Gerry Finnegan

Interview for the Oral Archives of the ILO Century Project by Regina Monticone

Mr Finnegan is an Irish national who served the International Labour Organization for over 22 years, working on employment and labour issues: financial and cooperative business management, marketing and exporting, small enterprise, community and local economic development, and gender. In his career as an enterprise specialist, Manager and Director of the Lusaka Country Office and representative for Malawi, Mozambique and Zambia (2006−2010), Mr Finnegan launched and developed a series of initiatives which later became embedded in the Organization’s working plan. He led ILO’s programme on promoting small enterprise development in Thailand in response to the Asian Financial Crisis (1997–1998) and initiated and managed ILO’s global programme on Women’s Entrepreneurship Development and Gender Equality (WEDGE) between 2000 and 2006. He successfully instigated partnerships with OECD and the African Development Bank (AfDB) and was responsible for a significant resource mobilization effort in bringing Irish Aid into a Partnership Agreement with ILO. In managing ILO’s efforts to promote decent work – through the Decent Work Country Programme (DWCP) formulation in Zambia, Malawi and Mozambique – he supervised Luanshya Integrated Support Initiative on Employment (LISIE) in response to the impact of the global financial crisis on unemployment in the mining sector in Zambia and became an institutional champion for initiatives to promote gender equality and ILO’s participatory gender audits in Malawi, Mozambique and Zambia (2007–2010). Prior to joining the ILO, Mr Finnegan held several academic positions in Northern Ireland and worked in accountancy. He is the author of numerous publications, articles and books.

1969 − Bachelor of Commerce, University College Dublin (UCD)
1979 − Post-Graduate Diploma in Business Administration (DBA), Queen’s University Belfast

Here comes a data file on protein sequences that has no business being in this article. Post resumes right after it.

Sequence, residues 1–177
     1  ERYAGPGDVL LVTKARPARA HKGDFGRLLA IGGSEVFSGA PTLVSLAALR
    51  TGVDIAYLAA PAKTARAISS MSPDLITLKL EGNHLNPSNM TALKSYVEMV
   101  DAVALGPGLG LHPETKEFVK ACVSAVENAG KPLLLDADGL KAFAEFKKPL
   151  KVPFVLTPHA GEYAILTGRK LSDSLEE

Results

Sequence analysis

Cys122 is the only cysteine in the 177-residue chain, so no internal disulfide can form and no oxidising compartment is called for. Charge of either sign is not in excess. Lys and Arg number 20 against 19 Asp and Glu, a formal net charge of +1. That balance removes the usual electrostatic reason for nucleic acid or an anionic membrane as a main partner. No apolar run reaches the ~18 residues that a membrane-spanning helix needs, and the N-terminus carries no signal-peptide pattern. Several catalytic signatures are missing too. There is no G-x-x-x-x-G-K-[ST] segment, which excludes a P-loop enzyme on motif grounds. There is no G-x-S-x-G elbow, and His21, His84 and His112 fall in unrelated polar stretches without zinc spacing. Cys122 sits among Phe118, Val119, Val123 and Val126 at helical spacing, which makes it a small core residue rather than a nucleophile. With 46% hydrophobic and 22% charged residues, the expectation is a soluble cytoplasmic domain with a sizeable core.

1982 − Masters in Business Administration (MBA), Queen’s University Belfast

In his career at the International Labour Organization, Mr Gerry Finnegan was deeply involved in the “technical side of things”, as he describes the projects and programmes he initiated and managed. In this interview he touches upon a wide range of subjects from cooperatives and youth employment, to gender and women’s entrepreneurship. With good business acumen, achieved through commerce and business studies at University College Dublin (UCD) and through helping out in his father’s butcher’s business, he started his professional career first in accountancy and then lecturer in the UK. He remembers those years as formative in shaping his later interest in “another way of doing business”. While embracing a business-like approach, he raised funds for charities and provided services for local communities. Community work served as a basis for his first position as Community Development Officer with the Northern Ireland Community Relations Commission. Working for the community became a long life credo and driving force behind many of his endeavours, both professional and civic. Mr Finnegan recalls the beginnings of cooperatives in the early 1980s in Ireland and the UK, and explains how they changed from established member-based agricultural cooperatives into worker-owned businesses or cooperatives, based largely on the Mondragon model of workers running the business operations.